GOP Rebrands

Republicans Face ‘New Reality’ in Washington as the Fiscal Cliff Approaches

Some GOP stalwarts are talking about raising taxes. Howard Kurtz on the party’s rebranding effort.

Win McNamee / Getty Images (FILE)

The winds of moderation seem to be blowing through the Republican Party.

OK, maybe it’s just a breeze, and a gentle one at that. But after four years of stuck-in-cement opposition, the Party of No is sounding like the Beatles singing “We Can Work It Out.”

What a difference a White House walloping makes. Now even the party’s biggest stalwarts are saying the Republicans face demographic disaster unless they overhaul their image.

“It’s called the new reality,” former Republican chairman Michael Steele tells me. “We can no longer afford to marginalize ourselves as a party.” The GOP has gone “off the rails,” he says. “We are becoming increasingly irrelevant to the political conversation.”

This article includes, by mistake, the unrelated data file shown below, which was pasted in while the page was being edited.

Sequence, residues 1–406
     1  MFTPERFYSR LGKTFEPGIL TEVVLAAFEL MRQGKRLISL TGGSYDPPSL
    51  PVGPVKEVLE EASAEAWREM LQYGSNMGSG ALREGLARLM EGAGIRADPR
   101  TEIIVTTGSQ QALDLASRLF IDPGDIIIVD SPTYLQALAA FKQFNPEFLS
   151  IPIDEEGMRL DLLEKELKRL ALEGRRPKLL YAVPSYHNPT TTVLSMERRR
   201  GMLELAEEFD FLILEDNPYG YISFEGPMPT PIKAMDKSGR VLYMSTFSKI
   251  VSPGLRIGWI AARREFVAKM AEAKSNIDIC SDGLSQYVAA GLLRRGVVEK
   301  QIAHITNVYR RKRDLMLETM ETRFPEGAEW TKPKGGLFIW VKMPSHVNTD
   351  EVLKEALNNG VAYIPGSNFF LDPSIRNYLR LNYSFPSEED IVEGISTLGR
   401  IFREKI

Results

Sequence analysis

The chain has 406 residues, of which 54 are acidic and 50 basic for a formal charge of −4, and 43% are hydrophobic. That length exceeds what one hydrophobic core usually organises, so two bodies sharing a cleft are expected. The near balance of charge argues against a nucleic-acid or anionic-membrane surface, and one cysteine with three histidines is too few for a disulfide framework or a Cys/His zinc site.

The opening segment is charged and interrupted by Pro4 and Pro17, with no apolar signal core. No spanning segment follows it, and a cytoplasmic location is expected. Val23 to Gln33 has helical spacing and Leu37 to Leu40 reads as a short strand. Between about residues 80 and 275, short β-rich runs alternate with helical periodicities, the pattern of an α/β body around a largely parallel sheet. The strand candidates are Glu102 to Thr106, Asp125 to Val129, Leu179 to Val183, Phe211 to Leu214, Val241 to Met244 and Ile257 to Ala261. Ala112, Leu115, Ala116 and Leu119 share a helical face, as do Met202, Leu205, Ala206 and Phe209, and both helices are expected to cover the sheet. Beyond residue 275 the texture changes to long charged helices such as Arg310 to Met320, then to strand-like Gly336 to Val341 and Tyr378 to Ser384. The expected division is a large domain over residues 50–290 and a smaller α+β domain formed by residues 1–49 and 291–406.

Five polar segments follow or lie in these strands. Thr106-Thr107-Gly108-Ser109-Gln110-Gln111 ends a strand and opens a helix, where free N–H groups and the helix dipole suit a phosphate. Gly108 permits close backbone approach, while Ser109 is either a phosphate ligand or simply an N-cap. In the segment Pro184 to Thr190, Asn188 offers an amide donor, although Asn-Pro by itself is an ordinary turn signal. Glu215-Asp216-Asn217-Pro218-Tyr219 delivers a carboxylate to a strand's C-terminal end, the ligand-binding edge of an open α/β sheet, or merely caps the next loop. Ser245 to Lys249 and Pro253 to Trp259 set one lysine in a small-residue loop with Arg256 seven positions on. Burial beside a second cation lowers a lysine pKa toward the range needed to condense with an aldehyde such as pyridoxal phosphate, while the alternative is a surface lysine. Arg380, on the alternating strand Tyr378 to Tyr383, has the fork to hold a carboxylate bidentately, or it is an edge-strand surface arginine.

If so, Republicans are trying to push their way back into that dialogue. Here’s Sen. John McCain on abortion, telling Fox News Sunday that the party should “leave the issue alone.” McCain says he’s “proud” of his anti-abortion-rights stance, “but if someone disagrees with me, I respect your views.” This from a party that has longed vowed to back a constitutional amendment to ban abortion.

Here’s one GOP senator after another—Lindsey Graham, Bob Corker, Saxby Chambliss—saying he no longer feels bound by the Grover Norquist pledge against voting for tax increases. As Chambliss put it, “I care too much about my country—I care a lot more about it than I do about Grover Norquist.”

Such talk practically amounts to a revolt by a crowd that has always genuflected toward Norquist and treated his pledge like a blood oath. Refusing to raise taxes, especially on the wealthy, is close to a religious belief for the Republican faithful, and most got elected by waving the Pledge. (Their real fear was less philosophical than practical, a concern that Norquist’s Americans for Tax Reform would help foment right-wing primary challenges against them.)